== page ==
My Decade of Mesothelioma Awareness Efforts
In 2005, at the age of 36, I was diagnosed with mesothelioma, an extremely rare form of cancer caused by asbestos. I developed the disease because as a little girl I used to wear my dad’s coat – the same coat that he would wear to do construction with drywall and demolition work. Asbestos particles would travel back with him on his coat, and from there they got into my lungs.
Most people who develop the disease die within 18 months. The really lucky ones make it five years. My story is almost unheard of, as earlier this year marked 10 years of being free of this deadly disease.
The last 10 years have not been easy, but they have been a blessing despite hard times. One thing that has helped me get through it all is the work that I have done to spread awareness and educate the public about mesothelioma. I have also spent these last 10 years warning people about the dangers of asbestos, and trying to get the toxic substance banned here in the United States.
It is really amazing how many opportunities have come my way because of mesothelioma, especially because, for most people, the disease means closing rather than opening doors. I’ve met so many wonderful people and been a part of so many incredible events. It seems hard to believe in light of my original diagnosis.
In 2009, after I had attended a symposium run by the Mesothelioma Applied Research Foundation – a nonprofit organization dedicated to finding a cure for mesothelioma cancer – I became aware of the annual observance of Mesothelioma Awareness Day, started by the Meso Foundation. The idea behind this event is to have a single day when mesothelioma patients, caregivers, advocates, doctors, researchers, and others can take out all the stops and let everyone know about the disease. That day is September 26th.
But Mesothelioma Awareness Day is more than just any old awareness day. The Meso Foundation wanted to do something different. Every September 26th, supporters of the foundation-- Mesothelioma survivors, caregivers, individuals who have lost a loved one to the disease, union and industry workers exposed to asbestos--meet in New York City with the goals of coming together, learning together, and spreading awareness. On my first Mesothelioma Awareness Day, more than 50 of us met early in the morning outside of the Today show in Rockefeller Center. We wore the Meso Foundation’s T-shirts, all with large, bold letters, and held signs telling the world why we were there. The Meso Foundation combined this awareness event with a one-day seminar on malignant mesothelioma. Since, my mom and I made have made this an annual tradition. Every year, we attend the events put on by the Meso Foundation, and also take advantage of all New York City has to offer. I love having my mom be a part of something so important to me. Every year is a reminder of how far I have come since my diagnosis.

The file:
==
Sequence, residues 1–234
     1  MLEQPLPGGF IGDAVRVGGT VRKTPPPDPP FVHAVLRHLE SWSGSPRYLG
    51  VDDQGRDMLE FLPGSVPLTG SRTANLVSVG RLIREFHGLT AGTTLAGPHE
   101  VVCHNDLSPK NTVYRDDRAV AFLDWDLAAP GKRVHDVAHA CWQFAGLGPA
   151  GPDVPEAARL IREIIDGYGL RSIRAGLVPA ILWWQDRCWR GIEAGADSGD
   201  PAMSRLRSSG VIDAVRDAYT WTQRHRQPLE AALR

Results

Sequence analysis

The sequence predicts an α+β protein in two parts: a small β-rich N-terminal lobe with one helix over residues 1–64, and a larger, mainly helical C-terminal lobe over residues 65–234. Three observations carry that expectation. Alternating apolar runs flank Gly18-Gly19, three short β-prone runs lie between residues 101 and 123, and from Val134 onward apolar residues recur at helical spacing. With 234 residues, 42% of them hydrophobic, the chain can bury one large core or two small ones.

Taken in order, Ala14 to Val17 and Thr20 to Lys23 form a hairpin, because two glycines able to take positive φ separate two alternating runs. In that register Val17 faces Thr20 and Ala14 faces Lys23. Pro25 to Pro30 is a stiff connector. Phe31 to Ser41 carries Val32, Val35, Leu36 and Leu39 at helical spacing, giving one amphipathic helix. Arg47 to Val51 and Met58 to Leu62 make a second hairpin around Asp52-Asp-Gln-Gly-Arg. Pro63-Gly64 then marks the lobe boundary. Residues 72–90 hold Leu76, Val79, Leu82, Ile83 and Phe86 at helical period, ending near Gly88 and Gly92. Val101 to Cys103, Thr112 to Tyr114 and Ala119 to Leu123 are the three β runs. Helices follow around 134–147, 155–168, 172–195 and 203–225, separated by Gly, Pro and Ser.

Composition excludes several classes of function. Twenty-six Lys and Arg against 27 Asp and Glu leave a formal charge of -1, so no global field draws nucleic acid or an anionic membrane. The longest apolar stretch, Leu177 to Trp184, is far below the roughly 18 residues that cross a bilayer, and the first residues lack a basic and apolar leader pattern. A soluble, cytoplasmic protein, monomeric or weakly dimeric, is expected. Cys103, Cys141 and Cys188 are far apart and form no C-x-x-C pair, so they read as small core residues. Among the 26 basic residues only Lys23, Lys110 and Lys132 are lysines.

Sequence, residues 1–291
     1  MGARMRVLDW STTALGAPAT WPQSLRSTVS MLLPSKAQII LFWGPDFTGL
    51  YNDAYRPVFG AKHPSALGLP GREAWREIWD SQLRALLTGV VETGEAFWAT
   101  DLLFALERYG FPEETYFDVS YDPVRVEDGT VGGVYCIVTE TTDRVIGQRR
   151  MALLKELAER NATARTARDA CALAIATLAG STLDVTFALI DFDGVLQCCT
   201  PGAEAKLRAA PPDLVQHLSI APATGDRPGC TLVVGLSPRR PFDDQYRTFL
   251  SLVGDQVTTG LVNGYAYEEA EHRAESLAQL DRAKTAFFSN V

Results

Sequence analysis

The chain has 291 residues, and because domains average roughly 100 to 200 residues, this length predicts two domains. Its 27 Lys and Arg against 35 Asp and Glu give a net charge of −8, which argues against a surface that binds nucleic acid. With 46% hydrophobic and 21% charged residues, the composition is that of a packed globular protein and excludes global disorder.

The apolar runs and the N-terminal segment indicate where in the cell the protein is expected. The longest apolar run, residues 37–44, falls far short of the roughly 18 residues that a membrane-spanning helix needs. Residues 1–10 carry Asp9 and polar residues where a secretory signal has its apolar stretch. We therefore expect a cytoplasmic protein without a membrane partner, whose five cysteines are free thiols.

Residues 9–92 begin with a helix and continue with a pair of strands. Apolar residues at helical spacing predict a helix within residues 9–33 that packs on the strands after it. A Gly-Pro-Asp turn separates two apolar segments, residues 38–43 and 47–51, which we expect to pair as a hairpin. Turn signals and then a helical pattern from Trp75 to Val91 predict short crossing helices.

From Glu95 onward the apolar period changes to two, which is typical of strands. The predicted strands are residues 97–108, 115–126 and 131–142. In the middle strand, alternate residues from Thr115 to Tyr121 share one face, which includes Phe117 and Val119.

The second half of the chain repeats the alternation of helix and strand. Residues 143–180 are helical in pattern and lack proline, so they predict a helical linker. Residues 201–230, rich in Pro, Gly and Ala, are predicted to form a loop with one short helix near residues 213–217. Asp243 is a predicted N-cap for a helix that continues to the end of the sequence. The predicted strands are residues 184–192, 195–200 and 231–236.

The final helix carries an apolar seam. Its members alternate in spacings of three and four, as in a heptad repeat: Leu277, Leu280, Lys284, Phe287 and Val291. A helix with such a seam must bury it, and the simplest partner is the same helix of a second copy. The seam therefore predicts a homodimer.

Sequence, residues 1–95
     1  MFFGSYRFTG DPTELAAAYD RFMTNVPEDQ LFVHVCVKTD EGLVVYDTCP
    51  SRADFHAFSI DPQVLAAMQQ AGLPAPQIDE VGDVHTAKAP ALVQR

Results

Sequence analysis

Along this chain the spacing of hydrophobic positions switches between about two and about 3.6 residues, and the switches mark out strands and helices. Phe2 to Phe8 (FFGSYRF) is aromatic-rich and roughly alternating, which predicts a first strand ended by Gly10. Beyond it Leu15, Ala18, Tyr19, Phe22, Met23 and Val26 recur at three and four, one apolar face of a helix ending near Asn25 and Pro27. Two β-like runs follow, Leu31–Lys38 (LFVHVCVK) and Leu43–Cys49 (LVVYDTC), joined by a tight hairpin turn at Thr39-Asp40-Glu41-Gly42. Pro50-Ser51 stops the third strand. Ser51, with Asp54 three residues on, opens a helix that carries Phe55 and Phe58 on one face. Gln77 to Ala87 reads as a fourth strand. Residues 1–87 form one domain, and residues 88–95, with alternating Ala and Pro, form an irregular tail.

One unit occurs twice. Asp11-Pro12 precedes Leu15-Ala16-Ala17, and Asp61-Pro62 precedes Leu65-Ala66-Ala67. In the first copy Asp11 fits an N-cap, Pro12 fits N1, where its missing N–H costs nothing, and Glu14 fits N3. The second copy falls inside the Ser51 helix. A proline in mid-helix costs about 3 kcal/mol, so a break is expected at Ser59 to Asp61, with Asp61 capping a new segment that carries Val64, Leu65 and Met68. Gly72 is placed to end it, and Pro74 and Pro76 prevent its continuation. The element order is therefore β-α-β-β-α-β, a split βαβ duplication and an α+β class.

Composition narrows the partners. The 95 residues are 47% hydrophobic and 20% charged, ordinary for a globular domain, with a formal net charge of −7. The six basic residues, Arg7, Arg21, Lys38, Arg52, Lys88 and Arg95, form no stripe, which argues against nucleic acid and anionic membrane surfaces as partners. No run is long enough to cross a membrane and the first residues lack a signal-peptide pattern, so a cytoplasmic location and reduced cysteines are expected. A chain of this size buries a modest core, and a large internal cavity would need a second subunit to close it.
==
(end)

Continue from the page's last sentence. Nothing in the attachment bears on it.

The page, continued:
Over the past few years, I have decided to take in some other events to help bring awareness and raise money for mesothelioma research. For example, I have started participating in the Miles for Meso event, a fun 5k run or walk that has grown into multiple races held in several states. I am proud to be a participant again this year, and to be bringing my supportive husband Cam and my beautiful daughter Lily with me!
This year, for the first time, I participated in the 6th annual Kayaking 4 Meso event. Although I wasn’t able to kayak myself, I, along with the other survivors, rode down the river in a pontoon! This event, started by my close friend Mark Wells whose daughter is a 15 year survivor of the disease and only 16 when she was diagnosed, (the average age of diagnosis is 60), was held on September 10th, before Mesothelioma Awareness Day, and raised money for the Mesothelioma Applied Research Foundation. There was over 225 people kayaking down 8 miles of the Hudson River from Stillwater, NY, to Halfmoon, NY and there will be even more in attendance. Upon completion of the race, Mark was presented with the “Above and Beyond” award by Melinda Kotzian, the CEO Of the Mesothelioma Applied Research Foundation. A much deserved honor for Mark who has raised well over $50,000 for the foundation. It was so great to finally be there to support him and be there when he received the award.
All year long, I attend conferences and events and connect with patients, survivors, advocates, and others as much as possible. Back in the early years of my cancer survivorship, I even started my own observance on February 2nd that I call Lungleavin’ Day, as it marks the anniversary of the day that I had one of my lungs removed – an operation that saved my life. It started out as a small get-together with a handful of family and friends, but has since grown into an event that approximately one hundred people attend. We all write our fears on plates and then smash them in the fire to show that those fears cannot conquer us!
I know how lucky I am to have survived so long. I still sometimes struggle with strenuous activities, but this hasn’t kept me from getting out there and doing all I can. Ten years ago, when I was having a lung taken out and getting chemotherapy and radiation, I never would have guessed that I would have so many opportunities to spread awareness about my disease in order to help others.
I’m not writing all of this to pat my own back. I’m writing it in the hope that it will inspire others to get out there and spread some awareness of their own, about mesothelioma and the dangers of asbestos, or about some other rare disease or condition that has affected your own family. The important thing is just to get out there and make sure others know about it!
You can learn more about Mesothelioma Awareness Day here.
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